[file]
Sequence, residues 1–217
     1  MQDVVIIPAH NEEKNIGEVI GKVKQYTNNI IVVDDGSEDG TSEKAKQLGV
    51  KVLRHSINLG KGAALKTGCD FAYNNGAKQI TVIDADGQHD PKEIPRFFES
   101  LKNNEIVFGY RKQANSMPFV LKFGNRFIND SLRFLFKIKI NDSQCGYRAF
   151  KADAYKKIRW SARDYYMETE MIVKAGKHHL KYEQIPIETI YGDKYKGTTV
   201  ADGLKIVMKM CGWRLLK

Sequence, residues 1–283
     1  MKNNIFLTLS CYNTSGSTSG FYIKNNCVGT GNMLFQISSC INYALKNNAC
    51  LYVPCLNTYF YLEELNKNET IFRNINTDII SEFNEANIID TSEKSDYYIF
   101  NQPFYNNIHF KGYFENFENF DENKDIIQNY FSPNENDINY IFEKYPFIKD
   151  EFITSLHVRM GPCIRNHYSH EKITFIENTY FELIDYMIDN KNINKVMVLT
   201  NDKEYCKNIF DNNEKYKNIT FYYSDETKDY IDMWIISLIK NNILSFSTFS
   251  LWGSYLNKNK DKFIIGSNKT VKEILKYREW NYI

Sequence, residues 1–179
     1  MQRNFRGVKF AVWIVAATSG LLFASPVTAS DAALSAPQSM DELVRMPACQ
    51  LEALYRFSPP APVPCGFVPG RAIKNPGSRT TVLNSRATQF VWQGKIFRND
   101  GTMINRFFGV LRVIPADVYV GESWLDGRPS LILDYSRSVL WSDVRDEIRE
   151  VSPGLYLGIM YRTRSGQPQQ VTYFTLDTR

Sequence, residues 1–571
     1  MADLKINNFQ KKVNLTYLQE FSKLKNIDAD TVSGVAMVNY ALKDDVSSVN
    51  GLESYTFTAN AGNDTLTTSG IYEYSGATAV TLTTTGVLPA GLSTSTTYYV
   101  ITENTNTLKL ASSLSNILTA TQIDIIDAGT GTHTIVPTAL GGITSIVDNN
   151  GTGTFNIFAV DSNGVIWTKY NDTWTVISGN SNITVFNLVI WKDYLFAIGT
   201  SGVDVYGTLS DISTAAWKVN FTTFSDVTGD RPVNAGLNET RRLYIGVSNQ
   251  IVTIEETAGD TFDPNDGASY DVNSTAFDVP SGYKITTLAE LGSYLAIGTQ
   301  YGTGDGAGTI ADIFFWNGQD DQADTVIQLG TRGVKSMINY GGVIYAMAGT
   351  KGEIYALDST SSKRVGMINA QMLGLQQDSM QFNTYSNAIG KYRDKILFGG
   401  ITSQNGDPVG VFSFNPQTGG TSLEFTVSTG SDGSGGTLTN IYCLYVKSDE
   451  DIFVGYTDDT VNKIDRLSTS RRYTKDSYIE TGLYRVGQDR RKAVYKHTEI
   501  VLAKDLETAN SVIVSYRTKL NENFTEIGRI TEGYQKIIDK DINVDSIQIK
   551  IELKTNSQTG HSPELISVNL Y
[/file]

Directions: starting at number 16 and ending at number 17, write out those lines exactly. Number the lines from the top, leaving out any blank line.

    51  LEALYRFSPP APVPCGFVPG RAIKNPGSRT TVLNSRATQF VWQGKIFRND
   101  GTMINRFFGV LRVIPADVYV GESWLDGRPS LILDYSRSVL WSDVRDEIRE